The title is all about the misunderstanding of a phrase when simply adding the comma changes the meaning completely. It seems to fit quite nicely when considering the fuss that’s been made of ‘the bite’.
Fortunately, for many headline writers football is blessed with already using many teeth/eating analogies so there are puns-a-plenty around. However, I feel many are getting completely carried away with the whole thing. This article attempts to explain why.
Like many people who watched the Liverpool/Chelsea game on Sunday, I was surprised at Luis Suarez biting Branislav Ivanovic in the arm. Surprised, not shocked, not sickened, not disgusted. Emotions such as those are reserved for career-threatening injuries, or actions which injure an opponent. I couldn’t really understand why he did it, seemed a crazy thing to do. What astonished me was the extent to which Sky turned their whole post-match discussion to it. They dispensed with Geoff Shreeves and brought in an ace interviewer who was clearly going to get to the heart of the matter. Once he realised neither manager was going to comment on the incident, he was out of questions.
Many things have been said about it since and several have puzzled me. Some people have claimed ‘kids will copy his actions’. Really? From an early age children are told biting is wrong. If kids don’t know the rights & wrongs of biting before they reach an age where they’re interested in football, then their education is to blame for that, not a footballer.
Footballers are often told they’re role models and should behave as such, yet far worse occurs on a football pitch which will go towards soiling a rounded personality. Personally, I find someone chewing with their mouth open offensive, yet many managers do it. I find spitting disgusting, yet many sports people do it. Feigning injury is another activity which will damage any person’s reputation. Feigning injury is the equivalent of calling in sick when you just want a day off. One of the worst features of a football match is the distinct lack of respect for authority shown by players and managers every week. This then manifests itself into the way society treats its officials such as police, teachers and even parents. Yet football seems powerless or even disinterested in cutting out this behaviour, or at least showing it is appalled by it.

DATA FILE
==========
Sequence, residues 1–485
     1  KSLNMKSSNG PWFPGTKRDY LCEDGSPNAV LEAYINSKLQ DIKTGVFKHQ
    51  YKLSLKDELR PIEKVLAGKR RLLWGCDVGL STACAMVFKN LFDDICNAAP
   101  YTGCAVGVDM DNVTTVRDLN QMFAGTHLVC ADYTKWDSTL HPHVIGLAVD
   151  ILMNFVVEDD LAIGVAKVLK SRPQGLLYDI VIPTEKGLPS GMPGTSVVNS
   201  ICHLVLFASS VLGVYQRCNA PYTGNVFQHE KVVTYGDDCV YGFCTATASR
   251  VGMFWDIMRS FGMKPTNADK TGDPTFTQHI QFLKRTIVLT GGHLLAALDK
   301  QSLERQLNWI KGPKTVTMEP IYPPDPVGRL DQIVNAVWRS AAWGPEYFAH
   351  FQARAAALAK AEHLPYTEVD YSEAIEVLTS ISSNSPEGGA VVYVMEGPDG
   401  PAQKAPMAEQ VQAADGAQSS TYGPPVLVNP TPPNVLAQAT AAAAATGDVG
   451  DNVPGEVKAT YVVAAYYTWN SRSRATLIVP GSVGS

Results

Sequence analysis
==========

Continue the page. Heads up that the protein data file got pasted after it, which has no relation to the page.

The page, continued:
Think about the reaction to Wayne Rooney swearing into a camera after scoring. Many defended a player’s right to swear, and personally I would too, but swearing should be left on the pitch and in the dressing room, not straight down the camera to millions watching.
Are we on the verge of an epidemic of players biting others? I think not. Few will understand what makes someone want to do that, and Suarez will obviously have his reasons.
I was intrigued in how Benitez used Ivanovic to mark Suarez. Just cast your mind back to Chelsea’s visit to Anfield last season and you will recall how Suarez made a mockery of John Terry and with the prospect of doing the same to David Luiz, Ivanovic was the exact type of combative player who just might unsettle the irritating Uruguayan. Make no mistake, Ivanovic’s job was to get a reaction from the Liverpool striker and there were many instances of the two clashing throughout the game. Ivanovic had clearly got under Suarez skin, which may have garnered the reaction which lead to so much debate.
Is that why Ivanovic accepted Suarez apology with such calm? No lawyers were called for, no sanctions demanded by the player, manager or club. He didn’t try and coax his teammates into trying to give evidence at how devastated he was afterwards. I believe Ivanovic was there to provoke a reaction and, ultimately, hoping Suarez would react in such a way as to be sent-off. This sort of tactic happens in nearly every match around the world. It happens in other sports and is accepted as part of the game.